Like I Said, Don't Even Bother Trying to Read Charlie Manuel's Lips

Like I Said, Don't Even Bother Trying to Read Charlie Manuel's Lips

This is pretty darn cool. A writer for Baseball Prospectus who is deaf (not the cool part) is adept at lip reading and used his skills to decipher many of the arguments managers in MLB have with umpires. But as the BP writer notes, "only about 35 percent of actual speech is visible on the lips." And if you're dealing with a guy like Charlie Manuel, good luck.

Ben Lindbergh and Evan Brunell write:

Lip reading is easier to do in person, with a 3D environment. Even at
today's high resolutions (which do help significantly), a TV broadcast
it is still 3D converted to a 2D plane, which makes it harder to
decipher what is being said. There is also an incredible diversity in
the ways people talk, and some simply cannot be lip read. Some people
talk very fast (looking at you, Fredi Gonzalez), while others barely make any lip shapes or movements that can help an observer figure out what is being said (like you, Charlie Manuel).
Mustaches and beards also complicate matters, as they can hide lips. In
addition, when managers argue with umpires, they tend to be upset. In
that case, they exaggerate words or speak louder, which actually impairs
lip reading.

The piece goes on to show what 15 or so mananger/ump arguments consisted of last season. It's damn awesome.

He attempts to do the wonderful argument between Charlie and Bob Davidson (pictured above) here. But, like I said, Charlie's lips don't read real good.

>>A Lip Reader Deciphers The Umpire-Manager Arguments Of 2012 [Deadspin / BP]

Conspiracy charge added for 3 former Penn State administrators

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Conspiracy charge added for 3 former Penn State administrators

HARRISBURG, Pa. -- A Pennsylvania judge on Thursday allowed prosecutors to add a conspiracy charge against three former Penn State administrators, increasing their possible penalty if convicted of crimes for their handling of the Jerry Sandusky child molestation scandal.

Judge John Boccabella granted a request by the attorney general's office to tack on a related conspiracy count to the charges of endangering the welfare of children.

Prosecutors said each felony count carries up to 7 years in prison and a $15,000 fine.

Jury selection is scheduled for March 20 in Harrisburg in the case of former university president Graham Spanier, former vice president Gary Schultz and former athletic director Tim Curley.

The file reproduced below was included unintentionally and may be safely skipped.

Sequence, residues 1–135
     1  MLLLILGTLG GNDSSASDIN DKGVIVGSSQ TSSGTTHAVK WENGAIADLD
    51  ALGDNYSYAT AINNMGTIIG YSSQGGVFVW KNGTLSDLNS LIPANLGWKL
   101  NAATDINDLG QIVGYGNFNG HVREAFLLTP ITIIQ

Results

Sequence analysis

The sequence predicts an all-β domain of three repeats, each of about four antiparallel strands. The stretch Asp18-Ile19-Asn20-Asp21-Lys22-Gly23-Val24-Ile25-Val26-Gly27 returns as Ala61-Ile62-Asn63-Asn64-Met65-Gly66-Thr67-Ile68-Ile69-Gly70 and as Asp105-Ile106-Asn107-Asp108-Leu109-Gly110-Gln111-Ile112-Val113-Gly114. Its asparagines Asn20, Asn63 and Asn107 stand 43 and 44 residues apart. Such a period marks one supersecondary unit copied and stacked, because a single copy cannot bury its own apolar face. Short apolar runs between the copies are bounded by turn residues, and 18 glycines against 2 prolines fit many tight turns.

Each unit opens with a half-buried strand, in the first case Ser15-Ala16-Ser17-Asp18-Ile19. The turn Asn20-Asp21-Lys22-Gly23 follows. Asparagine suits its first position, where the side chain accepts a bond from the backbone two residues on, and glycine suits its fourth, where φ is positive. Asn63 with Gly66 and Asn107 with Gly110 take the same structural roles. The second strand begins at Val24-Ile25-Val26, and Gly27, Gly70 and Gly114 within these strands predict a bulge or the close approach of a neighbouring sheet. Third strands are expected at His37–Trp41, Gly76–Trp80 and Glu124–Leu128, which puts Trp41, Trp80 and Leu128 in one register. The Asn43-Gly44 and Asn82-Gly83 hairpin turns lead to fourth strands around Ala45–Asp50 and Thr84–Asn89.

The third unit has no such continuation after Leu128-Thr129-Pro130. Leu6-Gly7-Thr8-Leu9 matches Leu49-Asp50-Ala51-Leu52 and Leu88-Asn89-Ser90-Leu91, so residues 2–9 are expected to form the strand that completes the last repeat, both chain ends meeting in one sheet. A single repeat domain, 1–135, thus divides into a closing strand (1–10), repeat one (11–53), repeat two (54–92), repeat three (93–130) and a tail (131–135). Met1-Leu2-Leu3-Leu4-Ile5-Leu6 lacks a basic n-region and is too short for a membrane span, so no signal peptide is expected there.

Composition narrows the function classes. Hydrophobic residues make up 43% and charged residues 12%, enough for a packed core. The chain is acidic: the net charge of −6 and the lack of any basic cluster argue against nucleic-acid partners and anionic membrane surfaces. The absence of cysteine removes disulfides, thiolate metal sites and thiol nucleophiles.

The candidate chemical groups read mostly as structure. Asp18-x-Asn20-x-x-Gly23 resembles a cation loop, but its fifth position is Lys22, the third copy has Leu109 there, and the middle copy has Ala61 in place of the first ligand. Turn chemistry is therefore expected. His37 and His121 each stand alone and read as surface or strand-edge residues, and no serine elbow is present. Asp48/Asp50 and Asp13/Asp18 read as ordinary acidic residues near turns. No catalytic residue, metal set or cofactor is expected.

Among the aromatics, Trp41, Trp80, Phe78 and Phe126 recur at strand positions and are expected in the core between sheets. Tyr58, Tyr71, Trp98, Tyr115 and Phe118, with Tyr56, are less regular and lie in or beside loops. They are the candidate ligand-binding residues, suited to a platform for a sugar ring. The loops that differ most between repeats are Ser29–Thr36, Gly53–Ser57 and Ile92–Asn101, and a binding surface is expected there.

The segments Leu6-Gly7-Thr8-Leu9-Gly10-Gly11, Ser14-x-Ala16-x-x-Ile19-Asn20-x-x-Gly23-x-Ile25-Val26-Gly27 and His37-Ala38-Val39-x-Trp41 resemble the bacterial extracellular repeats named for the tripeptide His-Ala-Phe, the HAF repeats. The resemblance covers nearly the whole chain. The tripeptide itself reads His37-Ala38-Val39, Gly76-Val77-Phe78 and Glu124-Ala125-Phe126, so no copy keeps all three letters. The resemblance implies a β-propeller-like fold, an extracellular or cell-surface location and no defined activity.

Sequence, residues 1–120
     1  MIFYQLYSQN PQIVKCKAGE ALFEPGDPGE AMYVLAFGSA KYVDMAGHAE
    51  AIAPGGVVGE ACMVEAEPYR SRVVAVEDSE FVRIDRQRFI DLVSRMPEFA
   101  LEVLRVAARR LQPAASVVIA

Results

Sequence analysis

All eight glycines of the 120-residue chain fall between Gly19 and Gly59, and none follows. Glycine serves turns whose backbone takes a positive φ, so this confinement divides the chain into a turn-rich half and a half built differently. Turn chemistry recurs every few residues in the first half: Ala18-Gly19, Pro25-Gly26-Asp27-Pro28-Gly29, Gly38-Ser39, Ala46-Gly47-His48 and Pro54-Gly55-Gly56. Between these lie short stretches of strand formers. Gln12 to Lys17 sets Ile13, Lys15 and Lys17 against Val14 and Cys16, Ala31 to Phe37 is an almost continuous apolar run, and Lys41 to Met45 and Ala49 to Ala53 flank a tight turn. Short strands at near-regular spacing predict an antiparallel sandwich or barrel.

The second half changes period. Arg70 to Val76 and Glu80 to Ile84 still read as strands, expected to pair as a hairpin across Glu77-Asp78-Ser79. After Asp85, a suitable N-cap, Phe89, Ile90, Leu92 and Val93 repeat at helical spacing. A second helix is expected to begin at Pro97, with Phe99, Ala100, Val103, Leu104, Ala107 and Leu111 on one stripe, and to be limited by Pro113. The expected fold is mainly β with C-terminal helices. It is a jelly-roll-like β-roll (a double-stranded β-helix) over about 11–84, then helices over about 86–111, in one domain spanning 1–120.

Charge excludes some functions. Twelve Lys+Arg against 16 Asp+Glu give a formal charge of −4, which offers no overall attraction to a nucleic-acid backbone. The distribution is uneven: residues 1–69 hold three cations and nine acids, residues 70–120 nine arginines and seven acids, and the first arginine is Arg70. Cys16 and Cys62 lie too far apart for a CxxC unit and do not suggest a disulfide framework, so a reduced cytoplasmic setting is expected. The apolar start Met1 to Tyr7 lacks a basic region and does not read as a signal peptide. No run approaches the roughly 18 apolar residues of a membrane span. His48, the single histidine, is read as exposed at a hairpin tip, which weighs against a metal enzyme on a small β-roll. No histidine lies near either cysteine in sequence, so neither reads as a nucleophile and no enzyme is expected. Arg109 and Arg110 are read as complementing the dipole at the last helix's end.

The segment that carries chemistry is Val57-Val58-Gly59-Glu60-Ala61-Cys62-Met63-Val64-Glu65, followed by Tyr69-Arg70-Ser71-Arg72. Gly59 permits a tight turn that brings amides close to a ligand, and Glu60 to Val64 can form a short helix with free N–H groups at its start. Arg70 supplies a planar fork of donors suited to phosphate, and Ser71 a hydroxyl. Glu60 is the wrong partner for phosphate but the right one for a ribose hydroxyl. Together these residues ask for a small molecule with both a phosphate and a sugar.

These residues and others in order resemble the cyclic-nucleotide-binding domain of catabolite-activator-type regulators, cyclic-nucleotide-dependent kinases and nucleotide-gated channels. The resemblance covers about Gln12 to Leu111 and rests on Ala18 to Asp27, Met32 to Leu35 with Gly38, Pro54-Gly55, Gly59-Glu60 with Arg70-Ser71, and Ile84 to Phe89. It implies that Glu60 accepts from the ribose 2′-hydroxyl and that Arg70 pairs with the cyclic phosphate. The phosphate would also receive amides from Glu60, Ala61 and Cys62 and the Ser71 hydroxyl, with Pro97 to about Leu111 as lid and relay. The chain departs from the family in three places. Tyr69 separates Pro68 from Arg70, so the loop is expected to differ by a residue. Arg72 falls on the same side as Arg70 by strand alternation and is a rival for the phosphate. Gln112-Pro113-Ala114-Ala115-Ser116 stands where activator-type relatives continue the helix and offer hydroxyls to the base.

The defendants sought permission last week from Boccabella for an appeal that could delay the trial. The judge has not ruled on that request.

They argue Boccabella erred when he declined to dismiss the child-welfare charges, arguing the statute of limitations expired, the defendants did not provide direct care for children and they are charged with actions that occurred before the law was revised.

Earlier this month, the judge dismissed charges of failing to properly report suspected abuse, and last year the Superior Court threw out perjury, obstruction and conspiracy charges.

The three administrators fielded a complaint in 2001 from a graduate assistant who said he saw Sandusky, then retired as an assistant football coach, sexually abusing a boy in a team shower.

They did not report the matter to police or child welfare authorities, but did tell Sandusky he could no longer bring children to the campus and they notified his charity for children, The Second Mile.

Sandusky currently is serving a lengthy state prison term after being convicted in 2012 of 45 counts of sexual abuse of 10 boys.

Last week, a new judge appointed to preside over his appeals under the state's Post-Conviction Relief Act scheduled a March 24 hearing at the courthouse near State College to "present and finalize the evidentiary portion" of the hearing.

Hits King Pete Rose on Phillies' Wall of Fame ballot

Hits King Pete Rose on Phillies' Wall of Fame ballot

CLEARWATER, Fla. -- The Phillies have released their Wall of Fame ballot for 2017 and Pete Rose is on it for the first time.

Baseball’s all-time hits king joins Steve Bedrosian, Larry Christensen, Jim Fregosi, Gene Garber, Placido Polanco, Ron Reed, Scott Rolen, Manny Trillo and Rick Wise on the ballot.

The Phillies had to receive permission from commissioner Rob Manfred to include Rose on the ballot. Rose was placed on baseball’s permanently ineligible list in 1989 after he admitted to wagering on baseball during his time as manager of the Cincinnati Reds. The ban precludes him from appearing on the ballot for the Baseball Hall of Fame in Cooperstown, New York.

Rose is still on the ineligible list, but Manfred has shown some leniency in recent years and Rose has been able to participate in some ceremonies. He was inducted into the Cincinnati Reds' Hall of Fame last summer. 

Rose was one of the stars on the Reds’ Big Red Machine, a club that won back-to-back World Series in 1975 and 1976. He came to the Phillies as a free agent before the 1979 season. He spent five years with the Phils and his leadership was considered key in getting a talented team over the top on its way to winning the 1980 World Series. 

The Phillies’ Wall of Fame ceremony will take place Aug. 12 at Citizens Bank Park. 

Fans have a voice in the voting, which is has begun on the team’s website -- www.Phillies.com. Fans can select their top three choices and the five finalists will serve as the official ballot for a special Wall of Fame selection committee.